Audi TTS RoadsterWe’ve just spent an enjoyable week behind the wheel of an Audi TTS roadster in our home areas in south-east Queensland. Winter obviously isn’t normally the season of choice for an open car. But the TTS’s heated seats, hot air blown onto our necks and a behind-the-seat air deflector let us travel in comfort during daylight hours.

Audi TTS roadster follows the same successful styling theme as the new coupe, a solid evolution of the first generation model of 1999. We reckon its sharp lines and interlocking facets make it one of the best looking sports coupes and roadsters on the current market.

The soft top roof folds down between the cockpit and the luggage lid. Its top sits visibly when it is down and has some untidy looking areas about it. The water that enters these holes is drained away under the car.

Inside, the styling of the TTS roadster is neat and beautifully simple. We particularly like the turbine styling of the air vents and the way the controls for temperature, fan speed and air direction have been integrated into the centre of the vents. This minimises the number of controls on the rest of the dash, resulting in an ultra-clean look.

Audi TTS comes to Australia with the company’s topline 210 kilowatt 2.0-litre turbo-petrol engine. It has a big 380 Nm of torque that runs over an astonishing range from 1800 rpm all the way to 5700rpm.

It’s mated to Audi’s proved quattro all-wheel-drive system by way of a seven-speed dual-clutch automated manual transmission.

Audi TTS Roadster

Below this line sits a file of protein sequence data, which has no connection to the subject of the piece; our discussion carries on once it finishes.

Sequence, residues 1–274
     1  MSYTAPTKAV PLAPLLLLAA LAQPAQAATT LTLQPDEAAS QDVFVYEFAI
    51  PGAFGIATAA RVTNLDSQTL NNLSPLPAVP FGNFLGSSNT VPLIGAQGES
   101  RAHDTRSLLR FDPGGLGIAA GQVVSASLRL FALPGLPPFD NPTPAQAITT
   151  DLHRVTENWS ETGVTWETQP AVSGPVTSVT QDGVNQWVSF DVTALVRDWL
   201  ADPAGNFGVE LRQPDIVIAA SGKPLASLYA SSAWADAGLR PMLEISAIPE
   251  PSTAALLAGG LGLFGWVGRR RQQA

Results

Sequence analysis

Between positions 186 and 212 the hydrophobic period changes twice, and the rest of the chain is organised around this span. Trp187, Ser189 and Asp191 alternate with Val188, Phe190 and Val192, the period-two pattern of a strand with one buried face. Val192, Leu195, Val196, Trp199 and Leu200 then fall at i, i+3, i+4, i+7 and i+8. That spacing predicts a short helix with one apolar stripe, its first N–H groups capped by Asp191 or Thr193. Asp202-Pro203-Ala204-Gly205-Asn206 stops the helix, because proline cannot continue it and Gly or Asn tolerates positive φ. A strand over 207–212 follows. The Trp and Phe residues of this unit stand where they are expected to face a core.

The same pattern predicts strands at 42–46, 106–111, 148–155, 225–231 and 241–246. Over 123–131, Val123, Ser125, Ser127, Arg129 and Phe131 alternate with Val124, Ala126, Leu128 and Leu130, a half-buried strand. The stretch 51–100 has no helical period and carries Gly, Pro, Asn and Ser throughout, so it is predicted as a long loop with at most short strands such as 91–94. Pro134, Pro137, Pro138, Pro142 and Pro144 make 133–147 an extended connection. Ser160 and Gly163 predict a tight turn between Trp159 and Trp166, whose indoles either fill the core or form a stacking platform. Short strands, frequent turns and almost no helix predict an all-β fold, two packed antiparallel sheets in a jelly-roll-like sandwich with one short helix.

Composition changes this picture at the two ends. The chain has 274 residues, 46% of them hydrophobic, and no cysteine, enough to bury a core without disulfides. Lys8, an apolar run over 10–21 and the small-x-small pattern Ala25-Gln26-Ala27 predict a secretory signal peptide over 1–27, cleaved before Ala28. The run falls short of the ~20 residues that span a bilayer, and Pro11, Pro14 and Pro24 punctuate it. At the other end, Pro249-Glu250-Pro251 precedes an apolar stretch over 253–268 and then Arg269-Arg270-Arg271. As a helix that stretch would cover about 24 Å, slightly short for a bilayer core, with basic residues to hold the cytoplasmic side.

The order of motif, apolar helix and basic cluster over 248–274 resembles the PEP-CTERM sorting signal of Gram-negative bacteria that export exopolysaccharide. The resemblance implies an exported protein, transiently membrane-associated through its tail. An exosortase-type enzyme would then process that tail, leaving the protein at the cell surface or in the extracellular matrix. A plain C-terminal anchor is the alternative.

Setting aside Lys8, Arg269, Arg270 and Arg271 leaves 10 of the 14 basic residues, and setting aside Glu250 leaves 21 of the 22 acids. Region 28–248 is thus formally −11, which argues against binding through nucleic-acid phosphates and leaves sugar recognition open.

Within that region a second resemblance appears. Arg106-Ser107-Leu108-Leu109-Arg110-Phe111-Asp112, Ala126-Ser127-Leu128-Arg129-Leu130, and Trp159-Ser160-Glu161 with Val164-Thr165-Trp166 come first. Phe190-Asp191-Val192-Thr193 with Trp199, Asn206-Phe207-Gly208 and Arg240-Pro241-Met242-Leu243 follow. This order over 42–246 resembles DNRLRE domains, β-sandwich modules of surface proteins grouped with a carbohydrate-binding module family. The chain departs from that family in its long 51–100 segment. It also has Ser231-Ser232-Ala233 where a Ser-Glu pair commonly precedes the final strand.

The infotainment system is interesting in that there’s no central screen, rather it’s incorporated in what Audi calls a Virtual Cockpit directly in front of the driver. The VC can be viewed in different ways; big dials when you’re in a sporting mood, added information with smaller dials when your brain is in cruise mode. Sounds distracting? Thankfully, we found this not to be the case.

A clever feature is the mounting of the microphones into the safety belts. These are used to control the voice activation system as well as for mobile phone conversations.

ANCAP rates the Audi TTS as a four-star vehicle in both coupe and roadster format. Small roadsters often struggle to get maximum star ratings in safety testing because of limited cabin space and the difficulties of getting curtain airbags into them. ANCAP doesn’t take the ability of dynamic sportscars to stay clear of crashes in the first place.

Audi TT Roadster, Audi TTS Roadster

A simple one-button operation of the soft-top roof takes a mere ten seconds, meaning you can do it at a red traffic light with time to spare. Or at speeds of up to 50 km/h if you want to show off while getting out of the carpark!

The seats support well without being overly aggressive. However, my six-foot frame was pretty close to the limit of what the TTS copes with. Indeed, in the passenger seat some extra degrees of recline would have been appreciated.

There’s good boot space at 280 litres and it’s capable of carrying a couple of cabin bags with some soft items around it. Certainly more than enough for weekends away.